That the standard of education in Nigeria has been on the decline is not a piece of news to anyone in the country. Considering the various squabbles between the unions and the government, resulting in industrial actions on varying lengths, that the educational sector is still alive is a miracle. For how long we can continue to depend on this miracle is what we cannot ascertain. Especially as it seems that parties involved keep testing the limits of each other’s patience.
Consider the 2017 budget presented by President Buhari last week. The Ministry of Education is expected to gulp N398.01b in recurrent expenditure. Besides, under capital expenditure, it was stated in the budget that the Universal Basic Education Commission (UBEC) will get N92 billion and Education N50 billion. On the whole, a total of N540.01bn will be expended on education sector in 2017.
While a cursory glance may result in praise of the numbers, a deep analysis will reveal that the proposal is testing the already fragile limits of academic institutions and their staff. Already, Vanguard reports that Federal Government owes ASUU N124bn earned allowance from 2013 to 2016, just as it also owes the union N495bn accumulated arrears, a grand total of N619bn, which exceeds the education budget (N540.01) of 2017.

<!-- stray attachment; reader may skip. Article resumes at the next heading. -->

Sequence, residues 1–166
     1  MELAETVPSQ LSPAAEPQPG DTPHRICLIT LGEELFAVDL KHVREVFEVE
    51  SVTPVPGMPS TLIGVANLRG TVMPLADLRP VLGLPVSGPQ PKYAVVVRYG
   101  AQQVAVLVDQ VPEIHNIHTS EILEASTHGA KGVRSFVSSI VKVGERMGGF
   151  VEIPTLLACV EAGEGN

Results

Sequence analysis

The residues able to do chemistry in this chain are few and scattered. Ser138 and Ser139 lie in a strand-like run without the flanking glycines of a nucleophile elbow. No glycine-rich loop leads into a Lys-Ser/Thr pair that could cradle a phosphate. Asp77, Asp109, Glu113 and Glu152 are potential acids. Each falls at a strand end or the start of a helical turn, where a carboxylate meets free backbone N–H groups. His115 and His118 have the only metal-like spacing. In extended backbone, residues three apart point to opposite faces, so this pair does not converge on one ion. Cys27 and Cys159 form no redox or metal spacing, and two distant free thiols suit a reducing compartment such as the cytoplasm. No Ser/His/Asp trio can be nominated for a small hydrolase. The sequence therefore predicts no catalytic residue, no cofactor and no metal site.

And that’s just debt to ASUU. The 2017 salaries and allowances have not been accounted for, neither has capital investment into the educational system been factored in. Add to this the fact that the budget is supposed to cater for 25 federal polytechnics, 22 federal colleges of education and 104 federal unity schools and you will understand why the ASUU boss is ‘shocked’ at the proposal.
Another disturbing factor to key in is that, according to the unions, the relevant bosies both at the executive and legislative arms promised that education will receive significant upward review in terms of proportions allocated to it.
“The Committee on Education in the National Assembly, assured us that they were going to improve on the last year’s budget. We told them that the allocation of education moved from 11 percent in 2015 to 8 percent in 2016, they assured us that we would see significant improvement in 2017. If they can come up with an allocation that is not up to 5 percent, they are not keeping to their words”
Such mistrust fostered between the unions and the government can only have one outcome- a further dilapidation of the system. Considering its current state though, that would be equivalent to a final death of the system.